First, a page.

The 2022 Formula 1 season didn’t end up having the fireworks that 2021 did in the driver championship, but it was still an exciting year for the series.
There was plenty of drama, action — and, thanks to Ferrari, comedy.
Here’s some of the happenings most worth calling out.
Michael Schumacher Award for Most Outstanding Driver: Max Verstappen
Despite not having the fastest one- or two-lap car through the balance of the season, Max Verstappen was able to put together a record-breaking 15-win season thanks to his massive amount of talent.
Case in point: despite Verstappen’s domination, he actually scored less poles and less fastest laps in his second championship season than he did in his first in 2021, and didn’t lead the field in either category in 2022. But that didn’t matter; Verstappen’s excellent tire management combined with the Red Bull’s superior tire management and stupid-fast straightaway speed went together like peanut butter and jelly.
And no, this isn’t a case of Ferrari giving Verstappen the win thanks to clown-car strategy. Verstappen and Red Bull very clearly found another gear midway through the season and won nine of the last 11 races largely on pace alone, with their only blemishes being an off-weekend at Singapore and a Brazil race where he had damage from contact with Lewis Hamilton on the first lap.
When Verstappen was plugged in, which was very often this season, he was all but unstoppable.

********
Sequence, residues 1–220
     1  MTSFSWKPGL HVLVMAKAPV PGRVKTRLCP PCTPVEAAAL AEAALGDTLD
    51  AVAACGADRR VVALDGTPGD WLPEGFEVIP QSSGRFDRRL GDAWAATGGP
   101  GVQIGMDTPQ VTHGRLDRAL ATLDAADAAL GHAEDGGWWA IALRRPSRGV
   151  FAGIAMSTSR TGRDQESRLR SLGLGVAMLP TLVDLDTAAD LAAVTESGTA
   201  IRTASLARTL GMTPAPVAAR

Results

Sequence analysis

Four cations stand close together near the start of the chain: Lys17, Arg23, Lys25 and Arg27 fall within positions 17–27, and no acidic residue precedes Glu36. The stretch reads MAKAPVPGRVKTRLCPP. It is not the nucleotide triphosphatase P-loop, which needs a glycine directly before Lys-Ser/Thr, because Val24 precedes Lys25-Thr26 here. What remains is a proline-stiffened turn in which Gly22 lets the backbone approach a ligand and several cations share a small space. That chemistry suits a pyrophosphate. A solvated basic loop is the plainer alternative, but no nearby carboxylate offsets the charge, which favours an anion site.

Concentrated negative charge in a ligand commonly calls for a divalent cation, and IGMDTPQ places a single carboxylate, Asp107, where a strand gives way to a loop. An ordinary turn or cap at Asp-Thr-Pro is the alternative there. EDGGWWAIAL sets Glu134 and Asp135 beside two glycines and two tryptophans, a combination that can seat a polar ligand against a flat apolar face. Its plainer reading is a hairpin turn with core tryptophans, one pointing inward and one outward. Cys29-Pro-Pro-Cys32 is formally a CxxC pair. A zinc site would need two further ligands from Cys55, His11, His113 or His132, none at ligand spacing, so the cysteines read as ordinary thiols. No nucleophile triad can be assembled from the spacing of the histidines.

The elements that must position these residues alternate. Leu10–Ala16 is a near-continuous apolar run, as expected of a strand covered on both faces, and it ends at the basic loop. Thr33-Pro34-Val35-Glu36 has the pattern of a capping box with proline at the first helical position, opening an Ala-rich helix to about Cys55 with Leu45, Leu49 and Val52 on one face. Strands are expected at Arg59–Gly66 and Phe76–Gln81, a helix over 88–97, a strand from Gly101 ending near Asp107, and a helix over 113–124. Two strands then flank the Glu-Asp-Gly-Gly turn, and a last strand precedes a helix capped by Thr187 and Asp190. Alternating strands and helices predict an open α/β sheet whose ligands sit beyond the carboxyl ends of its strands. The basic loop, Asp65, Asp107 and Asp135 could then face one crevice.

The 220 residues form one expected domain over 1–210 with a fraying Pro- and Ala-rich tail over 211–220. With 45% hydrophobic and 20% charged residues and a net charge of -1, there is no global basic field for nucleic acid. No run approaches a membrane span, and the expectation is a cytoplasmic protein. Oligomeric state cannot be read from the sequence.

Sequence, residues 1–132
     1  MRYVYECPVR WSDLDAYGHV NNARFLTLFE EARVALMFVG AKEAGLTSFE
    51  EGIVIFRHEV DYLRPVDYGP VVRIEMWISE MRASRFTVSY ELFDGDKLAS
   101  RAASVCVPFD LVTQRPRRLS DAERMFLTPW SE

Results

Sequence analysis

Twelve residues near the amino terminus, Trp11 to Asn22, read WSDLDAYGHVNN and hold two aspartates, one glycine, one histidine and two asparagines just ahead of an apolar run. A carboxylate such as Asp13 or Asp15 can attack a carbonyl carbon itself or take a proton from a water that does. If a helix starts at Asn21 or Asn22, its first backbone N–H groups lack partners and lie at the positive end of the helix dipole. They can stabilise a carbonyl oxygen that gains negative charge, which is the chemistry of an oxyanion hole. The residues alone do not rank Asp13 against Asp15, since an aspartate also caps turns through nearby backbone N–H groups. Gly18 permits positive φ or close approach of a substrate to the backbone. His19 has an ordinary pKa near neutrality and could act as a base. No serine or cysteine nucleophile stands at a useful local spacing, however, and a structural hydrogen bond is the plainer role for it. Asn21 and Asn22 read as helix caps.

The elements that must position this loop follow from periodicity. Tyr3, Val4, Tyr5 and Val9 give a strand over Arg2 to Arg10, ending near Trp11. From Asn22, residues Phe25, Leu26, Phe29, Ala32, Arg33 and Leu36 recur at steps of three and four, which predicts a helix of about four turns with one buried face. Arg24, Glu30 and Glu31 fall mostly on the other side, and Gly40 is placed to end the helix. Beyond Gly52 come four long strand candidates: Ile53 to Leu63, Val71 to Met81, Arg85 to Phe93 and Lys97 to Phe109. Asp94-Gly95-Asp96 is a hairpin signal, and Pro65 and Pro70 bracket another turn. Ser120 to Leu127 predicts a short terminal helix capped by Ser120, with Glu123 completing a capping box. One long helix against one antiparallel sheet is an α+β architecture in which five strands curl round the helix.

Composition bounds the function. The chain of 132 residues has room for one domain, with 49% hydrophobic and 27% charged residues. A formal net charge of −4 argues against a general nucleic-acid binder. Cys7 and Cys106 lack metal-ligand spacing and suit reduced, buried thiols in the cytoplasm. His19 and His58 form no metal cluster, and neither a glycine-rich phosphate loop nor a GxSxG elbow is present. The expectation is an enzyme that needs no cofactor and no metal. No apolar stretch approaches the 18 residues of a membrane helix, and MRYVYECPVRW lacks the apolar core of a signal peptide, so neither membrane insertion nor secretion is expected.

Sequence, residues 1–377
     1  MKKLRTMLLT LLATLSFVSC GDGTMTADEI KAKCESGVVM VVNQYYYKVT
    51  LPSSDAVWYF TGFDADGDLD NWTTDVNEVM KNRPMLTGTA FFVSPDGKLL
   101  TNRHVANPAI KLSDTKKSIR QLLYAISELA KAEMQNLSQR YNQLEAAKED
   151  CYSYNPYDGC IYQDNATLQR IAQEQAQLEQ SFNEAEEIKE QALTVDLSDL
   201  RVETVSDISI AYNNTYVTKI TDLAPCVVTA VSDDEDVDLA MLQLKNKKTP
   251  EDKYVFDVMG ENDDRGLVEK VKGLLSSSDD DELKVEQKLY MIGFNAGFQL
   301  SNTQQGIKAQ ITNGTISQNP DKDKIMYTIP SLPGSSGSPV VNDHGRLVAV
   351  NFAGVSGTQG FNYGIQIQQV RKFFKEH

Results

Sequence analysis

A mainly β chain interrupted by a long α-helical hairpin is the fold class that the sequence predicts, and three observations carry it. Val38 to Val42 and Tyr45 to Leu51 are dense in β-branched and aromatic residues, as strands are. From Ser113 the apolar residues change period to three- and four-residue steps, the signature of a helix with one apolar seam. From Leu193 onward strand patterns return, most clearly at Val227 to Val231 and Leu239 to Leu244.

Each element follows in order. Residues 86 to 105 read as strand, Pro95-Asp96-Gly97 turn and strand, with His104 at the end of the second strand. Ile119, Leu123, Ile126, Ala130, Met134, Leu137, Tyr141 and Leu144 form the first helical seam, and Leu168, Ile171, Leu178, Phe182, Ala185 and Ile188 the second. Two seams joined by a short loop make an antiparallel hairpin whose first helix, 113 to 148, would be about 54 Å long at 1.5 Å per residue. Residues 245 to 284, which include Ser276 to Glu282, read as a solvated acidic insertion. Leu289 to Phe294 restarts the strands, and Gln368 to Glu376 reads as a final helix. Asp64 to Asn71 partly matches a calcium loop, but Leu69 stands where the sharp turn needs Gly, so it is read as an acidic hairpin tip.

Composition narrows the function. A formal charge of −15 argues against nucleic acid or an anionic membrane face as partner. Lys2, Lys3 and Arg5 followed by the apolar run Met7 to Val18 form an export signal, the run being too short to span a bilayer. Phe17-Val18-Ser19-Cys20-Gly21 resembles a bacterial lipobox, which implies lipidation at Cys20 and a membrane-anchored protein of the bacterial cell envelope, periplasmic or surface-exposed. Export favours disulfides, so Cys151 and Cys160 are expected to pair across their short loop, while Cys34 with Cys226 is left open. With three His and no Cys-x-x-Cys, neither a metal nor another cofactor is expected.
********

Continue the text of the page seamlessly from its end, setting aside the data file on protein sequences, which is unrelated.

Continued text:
Alain Prost Award for Most Valuable Driver: Lando Norris
This may be a weird selection considering the last entry on this list, but Lando Norris gets this award because, well, no driver was more individually valuable to their team than he was.
McLaren scored 159 points this season, and Norris alone accounted for 122 of them. Without Norris, teammate Daniel Ricciardo’s 37 points would have dropped the team to eighth in constructor standings, instead of the fifth it finished. Norris also defeated Ricciardo in every head-to-head stat.
With Carlos Sainz and George Russell both scoring wins this season, Norris is now undisputedly the best driver in the field without a career win. But the lack of wins, Sochi last year aside, has nothing to do with Norris and is more indicative of McLaren struggling to break out from the midfield in recent years.
Next year may well be his breakout season.
Ayrton Senna Award for Best Qualifier: Charles Leclerc
Leclerc proved this season that he could be a viable championship contender and could play to the strengths of a good car Ferrari gave him — but also couldn’t make up the car’s weaknesses.
Leclerc’s 10 poles led the field, eight more than his teammate. Leclerc was able to beat Sainz 15-7 in overall qualifying results and really put the superior downforce of the Ferrari to good use throughout the season.
But all that downforce came at a price. The Ferrari was fast in the corners but indulged itself on tires. There were some tracks where Ferrari could brute force it, but there were many tracks where Ferrari were just not going to cut it on that alone. Ferrari’s strategy and occasional unreliability also cost it multiple race wins, to the chagrin of many tifosi.
The resignation of Mattia Binotto from the team principal position of the Prancing Horse is not a timely one, in that it will be pretty hard to address the issues of both the car and the organization as whomever the new boss accumulates themselves to the role. That being said, Ferrari does at least have a decent base to build itself on the next few years of this rules configuration.